Schools are and have always been places of languages. Children and educators talk to each other, they talk over each other, they listen. Yet, they do more: they bring their linguistic repertoires into the school, they hope to find their voices in the classroom and to achieve something with the words they say both for participating in their groups of peers and colleagues and for learning and teaching. At the same time, mainstream schools are places of language ideologies that regulate whose language experiences count as knowledge and whose do not. Walking down the High Street of any neighbourhood, we hear a plethora of languages; yet the mainstream school remains more often than not a strangely monolingual space that confines children’s superdiverse voices to its unofficial niches. My curiosity began here: How do children’s linguistic repertoires and the schools’ language ideologies come in contact with each other? How do educators and children negotiate the meanings of those repertoires and ideologies? And how does this play out in classrooms, where children have on average nine or ten languages in their linguistic repertoires?
(pupil, Year 4)
My research (PhD 2021 at Goldsmiths) addressed teacher agency in multilingual pedagogies – a lens with considerable conceptual power, because it allows for an exploration of both the educator’s present role and possibilities for new pedagogical developments. I talked and listened to class teachers. Yet, within the ethnographic study, my interest and curiosity needed to move on: Debates around multilingual pedagogies evolve fast in many schools worldwide; their ‘local’ circumstances as much influenced by traces of transnational movements – past and present – in the neighbourhood as by education policies. Globalisation and transnational migration are frequently referred to when these pedagogies are advocated. But is the ordinary, mainstream, superdiverse primary school sufficiently considered? Thus, I listened to children in these classrooms talking about their language experiences, the diverse meanings their languages have for them, and their ideas for what they could do with these languages in school; a question which pupils are rarely asked. The ethnographic inquiry showed the vital role of class teachers as experts of the classroom and as advocates of broader pedagogical perspectives, but it highlighted also the numerous constraints for educators in an institution that is often still firmly rooted in monolingualising ideologies.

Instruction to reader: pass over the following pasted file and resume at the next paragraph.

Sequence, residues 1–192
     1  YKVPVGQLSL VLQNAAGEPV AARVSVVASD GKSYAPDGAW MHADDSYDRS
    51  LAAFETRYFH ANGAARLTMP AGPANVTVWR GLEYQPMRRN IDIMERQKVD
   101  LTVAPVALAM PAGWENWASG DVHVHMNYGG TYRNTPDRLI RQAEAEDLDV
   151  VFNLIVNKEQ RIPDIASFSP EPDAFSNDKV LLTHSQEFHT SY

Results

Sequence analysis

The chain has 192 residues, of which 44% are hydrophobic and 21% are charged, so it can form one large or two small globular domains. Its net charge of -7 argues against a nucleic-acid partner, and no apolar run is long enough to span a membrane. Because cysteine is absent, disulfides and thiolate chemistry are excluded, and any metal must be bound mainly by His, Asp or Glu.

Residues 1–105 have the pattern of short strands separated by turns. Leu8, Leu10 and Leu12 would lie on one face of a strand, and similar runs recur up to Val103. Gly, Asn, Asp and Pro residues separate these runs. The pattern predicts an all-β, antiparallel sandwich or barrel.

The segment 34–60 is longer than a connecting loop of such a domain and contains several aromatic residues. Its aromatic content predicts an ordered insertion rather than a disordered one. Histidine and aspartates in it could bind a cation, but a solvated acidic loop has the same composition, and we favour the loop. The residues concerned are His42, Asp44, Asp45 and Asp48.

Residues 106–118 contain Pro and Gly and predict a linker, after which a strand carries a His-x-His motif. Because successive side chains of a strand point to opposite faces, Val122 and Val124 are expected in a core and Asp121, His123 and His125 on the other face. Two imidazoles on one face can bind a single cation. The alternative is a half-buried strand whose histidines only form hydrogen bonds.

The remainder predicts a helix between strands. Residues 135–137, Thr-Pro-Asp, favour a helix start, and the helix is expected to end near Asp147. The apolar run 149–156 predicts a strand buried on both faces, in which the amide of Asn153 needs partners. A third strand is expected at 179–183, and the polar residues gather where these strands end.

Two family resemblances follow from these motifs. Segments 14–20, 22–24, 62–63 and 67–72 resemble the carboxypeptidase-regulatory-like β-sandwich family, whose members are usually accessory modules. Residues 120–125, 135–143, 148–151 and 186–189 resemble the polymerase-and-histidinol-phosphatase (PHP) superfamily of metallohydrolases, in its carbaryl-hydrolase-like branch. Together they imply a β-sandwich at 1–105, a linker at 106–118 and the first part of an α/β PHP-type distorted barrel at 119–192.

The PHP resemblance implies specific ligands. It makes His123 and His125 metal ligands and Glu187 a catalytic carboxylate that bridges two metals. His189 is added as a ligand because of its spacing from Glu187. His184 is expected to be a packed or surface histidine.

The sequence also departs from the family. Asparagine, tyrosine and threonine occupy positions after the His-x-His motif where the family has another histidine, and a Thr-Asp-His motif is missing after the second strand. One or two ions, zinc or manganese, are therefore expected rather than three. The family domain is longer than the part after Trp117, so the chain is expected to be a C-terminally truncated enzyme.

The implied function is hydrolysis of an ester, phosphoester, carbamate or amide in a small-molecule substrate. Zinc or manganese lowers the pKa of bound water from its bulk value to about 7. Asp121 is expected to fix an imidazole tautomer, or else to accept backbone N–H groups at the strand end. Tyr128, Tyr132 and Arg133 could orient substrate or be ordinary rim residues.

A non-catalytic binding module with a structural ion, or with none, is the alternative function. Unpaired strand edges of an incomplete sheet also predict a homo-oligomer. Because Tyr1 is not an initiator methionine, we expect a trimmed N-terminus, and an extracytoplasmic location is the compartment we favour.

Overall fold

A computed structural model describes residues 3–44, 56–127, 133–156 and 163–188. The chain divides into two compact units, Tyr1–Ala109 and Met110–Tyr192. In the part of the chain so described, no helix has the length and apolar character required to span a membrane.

Talking about languages
… to do more with your languages in school? Would that be a good idea?
… yes (…) because everyone can hear your language and what you can do with it
(pupil, Year 3)
Based on the insights from this research, a book is going to be published in March 2024, and the findings will be used in further lines of research, designing and exploring formats for professional development. More spaces for multilingual pedagogies will – and can only – open up, if teachers feel empowered to explore multilingualism together with their students, and when all three – educators, children and researchers – find spaces to voice and share their experiences.
Blog by Thomas Quehl
Thomas taught for many years at inner-city primary schools in Germany and teaches now in London. He obtained an MA at UCL’s Institute of Education in 1997/98, and this encounter resulted in two books (ed. & transl. from English) in 2000 and 2006, which focused on anti-racist pedagogy and the institutional discrimination of multilingual students. In 2011/12, he re-trained for British schools with a PGCE at Goldsmiths where he also received his PhD in 2021 and is a Visiting Research Fellow.